Hugoton Royalty Trust (
) had a rather tumultuous 2012. Having traded between $20 and $24,
the units dropped to the $14 - $16 range in the beginning of 2012
after a sharp decline in realized and forward natural gas prices in
association with the anomalously warm 2011 / 2012 winter. The units
dropped from $14 to $7 in May 2012 after a 10-Q filing mentioning a
$28.5 million litigation settlement charge, helped by a concerted
(and successful!) effort by short sellers to create panic. The unit
price has recovered somewhat but is still significantly below
Several developments since last spring have dramatically
improved the HGT valuation outlook. First of all, the settlement
charge is being rightfully disputed by the trustee and the dispute
is tentatively scheduled for arbitration on October 7, 2013. $4.4
million towards the settlement was already deducted from the 7/12
and 8/12 distributions and will be returned if the resolution is
favorable to the unit holders. Even if the outcome of the
arbitration is negative, the present value of the remaining charge
is only about $0.50. Obviously, that hardly justifies the
difference between where the units were trading before the
announcement and where they are now.
In addition, the natural gas pricing environment has changed
dramatically since the spring of 2012. A climatologically normal
winter of 2012/2013 combined with a massive reduction in the
natural gas rig count has resulted in a much tighter natural gas
market. This is evidenced by the fact that storage will end the
withdrawal season close to the mid-point of the historical range.
As a result, Henry Hub physical gas prices have moved from sub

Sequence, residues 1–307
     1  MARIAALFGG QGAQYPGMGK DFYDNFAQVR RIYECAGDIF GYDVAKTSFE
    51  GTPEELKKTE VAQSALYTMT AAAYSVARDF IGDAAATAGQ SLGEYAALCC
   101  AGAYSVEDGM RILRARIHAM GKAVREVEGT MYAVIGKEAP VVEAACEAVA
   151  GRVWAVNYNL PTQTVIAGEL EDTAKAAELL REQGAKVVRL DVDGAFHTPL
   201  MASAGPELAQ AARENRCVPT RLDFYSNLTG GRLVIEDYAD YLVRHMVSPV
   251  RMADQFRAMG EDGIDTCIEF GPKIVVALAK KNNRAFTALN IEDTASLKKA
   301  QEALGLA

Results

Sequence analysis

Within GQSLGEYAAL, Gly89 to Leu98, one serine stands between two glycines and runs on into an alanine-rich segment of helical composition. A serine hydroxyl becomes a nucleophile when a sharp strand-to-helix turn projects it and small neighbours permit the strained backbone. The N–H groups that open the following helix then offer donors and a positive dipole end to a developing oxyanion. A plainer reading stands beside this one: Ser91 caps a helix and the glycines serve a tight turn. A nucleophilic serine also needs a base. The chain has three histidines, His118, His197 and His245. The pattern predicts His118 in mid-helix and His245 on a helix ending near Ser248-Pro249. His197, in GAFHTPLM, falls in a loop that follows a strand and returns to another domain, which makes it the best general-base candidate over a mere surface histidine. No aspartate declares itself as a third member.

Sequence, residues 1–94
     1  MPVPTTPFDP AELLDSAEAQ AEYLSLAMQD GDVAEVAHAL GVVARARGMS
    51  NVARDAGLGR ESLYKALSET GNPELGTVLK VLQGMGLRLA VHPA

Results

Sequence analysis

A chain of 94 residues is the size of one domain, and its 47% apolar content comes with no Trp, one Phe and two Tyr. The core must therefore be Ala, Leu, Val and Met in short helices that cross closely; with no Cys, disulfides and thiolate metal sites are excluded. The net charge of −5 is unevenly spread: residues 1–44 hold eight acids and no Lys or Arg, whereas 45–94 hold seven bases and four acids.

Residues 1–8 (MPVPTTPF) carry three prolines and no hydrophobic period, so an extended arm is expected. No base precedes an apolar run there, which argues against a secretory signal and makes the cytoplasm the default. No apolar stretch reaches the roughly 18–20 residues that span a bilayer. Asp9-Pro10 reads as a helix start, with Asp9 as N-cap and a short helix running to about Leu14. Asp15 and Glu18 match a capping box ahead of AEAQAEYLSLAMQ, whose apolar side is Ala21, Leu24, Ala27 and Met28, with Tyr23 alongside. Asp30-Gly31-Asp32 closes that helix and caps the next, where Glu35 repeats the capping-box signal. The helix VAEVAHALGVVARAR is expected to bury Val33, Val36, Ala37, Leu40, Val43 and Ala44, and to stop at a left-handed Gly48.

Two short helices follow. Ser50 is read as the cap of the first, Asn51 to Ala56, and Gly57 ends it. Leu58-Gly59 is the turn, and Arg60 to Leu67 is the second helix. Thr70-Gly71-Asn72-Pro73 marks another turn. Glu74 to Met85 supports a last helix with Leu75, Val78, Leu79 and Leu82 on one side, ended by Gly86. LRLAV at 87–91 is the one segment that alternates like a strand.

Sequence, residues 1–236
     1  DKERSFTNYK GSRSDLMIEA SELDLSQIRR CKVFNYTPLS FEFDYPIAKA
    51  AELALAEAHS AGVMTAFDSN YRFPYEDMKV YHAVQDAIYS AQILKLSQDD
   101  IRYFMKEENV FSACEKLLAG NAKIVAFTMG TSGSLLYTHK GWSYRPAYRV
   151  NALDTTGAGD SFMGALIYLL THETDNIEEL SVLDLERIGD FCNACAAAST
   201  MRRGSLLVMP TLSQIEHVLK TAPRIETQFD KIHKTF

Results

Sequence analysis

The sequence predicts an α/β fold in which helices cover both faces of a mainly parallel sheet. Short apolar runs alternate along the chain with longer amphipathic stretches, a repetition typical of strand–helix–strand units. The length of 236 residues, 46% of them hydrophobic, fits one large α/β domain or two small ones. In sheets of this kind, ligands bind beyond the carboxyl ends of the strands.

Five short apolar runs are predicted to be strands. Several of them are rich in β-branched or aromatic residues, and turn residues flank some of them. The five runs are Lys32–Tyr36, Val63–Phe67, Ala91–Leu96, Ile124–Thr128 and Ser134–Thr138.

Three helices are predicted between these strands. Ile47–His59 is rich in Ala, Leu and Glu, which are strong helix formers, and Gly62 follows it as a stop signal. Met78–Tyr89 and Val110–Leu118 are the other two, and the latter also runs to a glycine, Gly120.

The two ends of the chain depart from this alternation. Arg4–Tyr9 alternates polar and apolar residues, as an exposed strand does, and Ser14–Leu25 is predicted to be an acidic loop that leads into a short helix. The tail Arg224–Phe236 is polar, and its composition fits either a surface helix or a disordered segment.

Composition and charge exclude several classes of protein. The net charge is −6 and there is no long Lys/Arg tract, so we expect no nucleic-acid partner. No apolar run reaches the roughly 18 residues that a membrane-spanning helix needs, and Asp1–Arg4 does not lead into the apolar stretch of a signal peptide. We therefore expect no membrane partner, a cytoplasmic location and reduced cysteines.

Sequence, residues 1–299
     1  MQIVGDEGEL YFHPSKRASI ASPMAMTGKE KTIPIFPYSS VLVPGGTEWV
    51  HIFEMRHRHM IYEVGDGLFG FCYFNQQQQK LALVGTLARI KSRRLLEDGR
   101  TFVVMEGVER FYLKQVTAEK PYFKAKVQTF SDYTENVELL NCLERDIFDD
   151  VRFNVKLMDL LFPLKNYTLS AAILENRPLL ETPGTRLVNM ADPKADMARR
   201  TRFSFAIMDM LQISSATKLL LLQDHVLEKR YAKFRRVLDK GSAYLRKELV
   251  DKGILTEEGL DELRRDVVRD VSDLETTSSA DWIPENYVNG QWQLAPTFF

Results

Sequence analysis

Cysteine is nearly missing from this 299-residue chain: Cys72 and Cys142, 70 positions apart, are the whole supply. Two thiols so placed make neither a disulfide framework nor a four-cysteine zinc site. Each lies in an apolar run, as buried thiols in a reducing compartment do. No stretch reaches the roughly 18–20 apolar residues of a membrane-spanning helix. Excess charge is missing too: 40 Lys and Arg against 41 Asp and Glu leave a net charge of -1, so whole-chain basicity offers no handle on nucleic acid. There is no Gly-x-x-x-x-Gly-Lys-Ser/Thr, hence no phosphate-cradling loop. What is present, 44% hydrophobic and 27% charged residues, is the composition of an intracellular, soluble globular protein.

$2.00 / MMbtu to close to $4.00 / MMbtu. The current forward curve
through January 2015 is above where it was as of 3/1/2012. Yet HGT
is trading at $8.19 now but was $14 as of 3/1/2012.
As the chart below shows, monthly distributions have climbed
back close to $0.07/unit and will reach $0.10/unit by January 2014,
assuming realized gas prices are similar to what the current
forward curve suggests. HGT has recovered a bit, with two notable
breakout attempts in November 2012 and January 2013.
(click to enlarge)
Below is a snapshot of our DCF valuation model for HGT:
(click to enlarge)
We believe that a 6% discount rate is appropriate for the
current interest rate environment and is commensurate with other
instruments with a similar tenor and risk profile. Keeping in mind
that the valuation is sensitive to this and other assumptions
(production decline rates, gas/oil revenue ratio, etc.), we are
confident that HGT is worth between $12 and $13, even after taking
into account the remaining settlement charge. In other words, the
current $8.20 level represents an approximately 12% IRR.
1. The May 2012 price drop was a clear overreaction, albeit not
surprising in an environment of multi-year low natural gas prices
and panic fanned by short sellers. Even if the arbitration decision
is detrimental to the unit holders, the present value of the
remaining settlement payment is only about 50 cents / unit.
2. HGT is one of the few "pure play" instruments that allow
investors to take a long position in unhedged natural gas reserves.
The commodity is currently traded for $19 / MMbtu in Japan, $12 in
Europe, and $4 in the US.
3. There is a significant potential for a short squeeze
- At the present natural gas curve, the monthly distributions
will increase to 0.10 / unit by January 2014 and therefore will
continue to attract more yield-minded investors.
- There is a strong possibility that the arbitration will be
resolved favorably for the trust. Such an announcement will be a
4. Using forward natural gas and oil prices as of 3/20/2013,
discounted at 6%, and even assuming a negative dispute resolution,
the trust units are worth between $12 and $13.
I am long [[HGT]]. I wrote this article myself, and it expresses my
own opinions. I am not receiving compensation for it. I have no
business relationship with any company whose stock is mentioned in
Thermo Fisher Scientific, Inc., Life Technologies
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